Most juveniles that commit minor offenses do not interact with the system, but instead are diverted to other agencies or officers let the youth go with a warning. One proposal to remedy the interaction between the system and juveniles that are involved is restorative justice programs. Restorative justice programs operate under the assumption that crimes are an injury to the community and that it is beneficial for the person who committed that injury must repair the community (“Guide for implementing…,” n.d.). Generally, there is a restorative justice board that consists of various people from the community who have been prepared with intensive training. This board considers what the community constitutes as a harm against them and when an individual commits one of these harms, they will have a hearing. This hearing will involve the offender retelling what happened, accepting responsibility for the harm caused, and creating a plan that would repair the community. There can be many different avenues that the board recommends the offender to do to repair their relationship with the community. These can include, but are not limited to: victim-offender mediation, conferencing, family group conferencing or decision making, restorative cautioning, and restorative dialogue (“What is restorative justice?, 2012).
Restorative justice programs have shown the ability to achieve increased community and victim involvement, improved offender compliance, increased perceptions of fairness, greater satisfaction with case outcomes, and reduced recidivism (Bergseth & Bouffard, 2013). In the study conducted by Bergseth and Bouffard (2013), they found that not only was their hypothesis that restorative justice programs were beneficial in reducing recidivism rates for offenders in the program compared to offenders who were referred to traditional juvenile court regardless of age, gender, racial group membership, prior offending history, or whether it was a property or violent referring offense, but the only group that experienced a slightly smaller reduction in recidivism was those referred to with “other” offenses (p. 1071). They found on average that youth referred to the program did not reoffend an average of 10.5 months longer than those referred to traditional court. There were similar results in the studies conducted by Rodriguez (2007), Bradshaw & Roseborough (2005), De Beus & Rodriguez (2007), and Bergseth & Bouffard (2007).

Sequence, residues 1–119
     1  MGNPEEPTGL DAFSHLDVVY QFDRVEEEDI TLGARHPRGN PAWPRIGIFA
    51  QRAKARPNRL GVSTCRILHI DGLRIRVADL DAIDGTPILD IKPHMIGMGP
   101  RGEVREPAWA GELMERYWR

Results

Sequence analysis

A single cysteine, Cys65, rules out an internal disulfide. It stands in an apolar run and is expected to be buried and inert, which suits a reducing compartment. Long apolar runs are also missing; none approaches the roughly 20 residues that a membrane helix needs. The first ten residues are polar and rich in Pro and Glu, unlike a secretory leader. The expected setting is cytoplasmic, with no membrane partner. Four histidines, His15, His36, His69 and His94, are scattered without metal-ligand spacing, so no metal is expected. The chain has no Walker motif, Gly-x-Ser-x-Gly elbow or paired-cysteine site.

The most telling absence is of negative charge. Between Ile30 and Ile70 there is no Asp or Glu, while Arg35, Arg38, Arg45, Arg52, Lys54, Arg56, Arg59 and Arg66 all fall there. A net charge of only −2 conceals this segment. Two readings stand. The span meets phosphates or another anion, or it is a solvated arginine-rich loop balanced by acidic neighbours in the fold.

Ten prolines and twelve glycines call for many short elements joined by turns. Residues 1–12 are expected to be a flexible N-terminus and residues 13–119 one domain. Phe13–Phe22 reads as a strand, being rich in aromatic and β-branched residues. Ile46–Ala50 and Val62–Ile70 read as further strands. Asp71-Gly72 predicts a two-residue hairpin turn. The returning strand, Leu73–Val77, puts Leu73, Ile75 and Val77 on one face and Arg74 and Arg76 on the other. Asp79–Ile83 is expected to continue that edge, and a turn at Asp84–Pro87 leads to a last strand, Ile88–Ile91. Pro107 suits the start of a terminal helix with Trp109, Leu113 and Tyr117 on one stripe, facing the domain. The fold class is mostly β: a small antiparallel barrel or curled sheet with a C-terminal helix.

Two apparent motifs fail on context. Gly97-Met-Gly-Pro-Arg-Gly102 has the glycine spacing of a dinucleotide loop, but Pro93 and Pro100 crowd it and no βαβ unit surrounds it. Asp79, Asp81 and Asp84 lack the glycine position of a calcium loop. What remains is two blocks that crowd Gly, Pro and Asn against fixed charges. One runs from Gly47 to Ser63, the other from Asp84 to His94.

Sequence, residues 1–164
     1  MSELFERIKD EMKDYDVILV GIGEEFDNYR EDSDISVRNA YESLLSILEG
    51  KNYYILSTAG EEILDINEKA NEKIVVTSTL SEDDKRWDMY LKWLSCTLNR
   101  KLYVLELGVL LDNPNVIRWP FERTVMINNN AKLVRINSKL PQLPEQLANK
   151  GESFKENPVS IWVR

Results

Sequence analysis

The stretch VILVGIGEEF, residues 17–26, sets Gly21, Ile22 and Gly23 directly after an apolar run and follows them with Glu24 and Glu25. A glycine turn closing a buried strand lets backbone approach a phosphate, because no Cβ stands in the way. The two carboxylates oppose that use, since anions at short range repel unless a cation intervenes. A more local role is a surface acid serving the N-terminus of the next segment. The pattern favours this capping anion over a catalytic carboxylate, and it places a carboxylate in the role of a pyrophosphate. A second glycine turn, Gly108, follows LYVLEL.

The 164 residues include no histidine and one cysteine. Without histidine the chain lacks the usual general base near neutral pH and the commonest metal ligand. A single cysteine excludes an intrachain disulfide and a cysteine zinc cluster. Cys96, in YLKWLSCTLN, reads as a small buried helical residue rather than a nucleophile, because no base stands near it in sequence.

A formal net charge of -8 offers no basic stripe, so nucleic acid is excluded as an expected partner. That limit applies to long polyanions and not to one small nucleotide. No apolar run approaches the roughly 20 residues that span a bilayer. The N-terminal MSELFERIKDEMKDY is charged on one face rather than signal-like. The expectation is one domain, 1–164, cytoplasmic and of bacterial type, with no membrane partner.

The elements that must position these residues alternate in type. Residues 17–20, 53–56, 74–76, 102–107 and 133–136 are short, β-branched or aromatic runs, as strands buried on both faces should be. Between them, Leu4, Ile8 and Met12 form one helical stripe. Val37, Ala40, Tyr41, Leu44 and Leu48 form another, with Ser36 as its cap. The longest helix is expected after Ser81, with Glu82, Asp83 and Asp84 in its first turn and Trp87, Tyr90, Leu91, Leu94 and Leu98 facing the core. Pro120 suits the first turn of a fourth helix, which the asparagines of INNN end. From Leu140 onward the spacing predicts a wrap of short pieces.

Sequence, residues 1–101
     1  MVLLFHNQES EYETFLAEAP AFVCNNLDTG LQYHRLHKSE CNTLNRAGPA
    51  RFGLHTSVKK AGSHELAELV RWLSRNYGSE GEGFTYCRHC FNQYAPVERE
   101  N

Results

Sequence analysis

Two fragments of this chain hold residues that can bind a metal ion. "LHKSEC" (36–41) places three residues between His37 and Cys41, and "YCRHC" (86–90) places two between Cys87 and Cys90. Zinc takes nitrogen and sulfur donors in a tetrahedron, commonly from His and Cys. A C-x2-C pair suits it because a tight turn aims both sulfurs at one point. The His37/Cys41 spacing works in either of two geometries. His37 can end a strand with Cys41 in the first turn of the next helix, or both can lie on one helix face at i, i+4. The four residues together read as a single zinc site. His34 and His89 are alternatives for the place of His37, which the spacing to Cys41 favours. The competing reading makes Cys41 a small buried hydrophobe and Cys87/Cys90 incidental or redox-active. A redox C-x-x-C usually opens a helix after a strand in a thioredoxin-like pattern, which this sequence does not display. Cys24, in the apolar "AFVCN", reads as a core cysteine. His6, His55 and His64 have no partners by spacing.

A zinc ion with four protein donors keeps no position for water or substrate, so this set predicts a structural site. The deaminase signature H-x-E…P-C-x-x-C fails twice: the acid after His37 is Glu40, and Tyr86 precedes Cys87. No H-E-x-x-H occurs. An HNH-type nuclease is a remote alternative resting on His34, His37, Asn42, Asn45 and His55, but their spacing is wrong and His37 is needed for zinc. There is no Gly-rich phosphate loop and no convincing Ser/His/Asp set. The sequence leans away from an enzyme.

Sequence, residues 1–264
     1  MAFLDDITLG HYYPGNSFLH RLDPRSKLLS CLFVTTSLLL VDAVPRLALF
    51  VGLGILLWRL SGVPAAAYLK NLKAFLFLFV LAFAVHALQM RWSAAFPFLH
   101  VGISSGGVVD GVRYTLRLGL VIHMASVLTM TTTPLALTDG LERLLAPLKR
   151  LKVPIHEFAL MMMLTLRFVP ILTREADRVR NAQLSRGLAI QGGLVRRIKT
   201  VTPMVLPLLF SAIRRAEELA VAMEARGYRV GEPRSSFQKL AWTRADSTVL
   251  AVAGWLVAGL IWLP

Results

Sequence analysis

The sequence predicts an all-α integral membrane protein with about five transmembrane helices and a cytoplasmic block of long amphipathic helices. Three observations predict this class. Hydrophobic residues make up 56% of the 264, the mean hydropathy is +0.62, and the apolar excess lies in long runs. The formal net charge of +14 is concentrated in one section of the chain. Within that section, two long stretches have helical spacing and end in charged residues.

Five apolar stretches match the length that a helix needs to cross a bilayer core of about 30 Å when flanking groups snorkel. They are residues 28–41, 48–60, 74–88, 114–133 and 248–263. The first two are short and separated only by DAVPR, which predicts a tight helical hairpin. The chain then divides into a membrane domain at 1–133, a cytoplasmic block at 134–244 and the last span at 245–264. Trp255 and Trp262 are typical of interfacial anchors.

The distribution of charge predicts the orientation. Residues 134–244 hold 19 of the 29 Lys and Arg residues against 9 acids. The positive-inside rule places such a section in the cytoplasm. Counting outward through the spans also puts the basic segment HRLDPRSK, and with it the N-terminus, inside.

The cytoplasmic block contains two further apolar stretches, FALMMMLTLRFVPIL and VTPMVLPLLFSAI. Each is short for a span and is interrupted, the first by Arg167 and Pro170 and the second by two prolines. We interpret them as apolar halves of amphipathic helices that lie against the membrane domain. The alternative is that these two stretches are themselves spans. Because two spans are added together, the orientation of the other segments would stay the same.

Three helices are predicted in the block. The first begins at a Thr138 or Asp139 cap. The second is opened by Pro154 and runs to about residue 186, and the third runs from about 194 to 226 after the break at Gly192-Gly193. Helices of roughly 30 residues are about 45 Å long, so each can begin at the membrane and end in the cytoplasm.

Interaction with the juvenile justice system can have beneficial or detrimental effects on youth. When the system is able to perform and follow its intended ideals, juveniles are given the resources needed to desist in future offending, but when the system is unable to do so, the effects of interacting with the system could be worse than if the juvenile was never involved in the first place. Moving forward, it is essential to correct the areas the system is most lacking. As stated before, doing so can not only help prevent initial offending, but decrease reoffending and save money spent on punitive endeavors.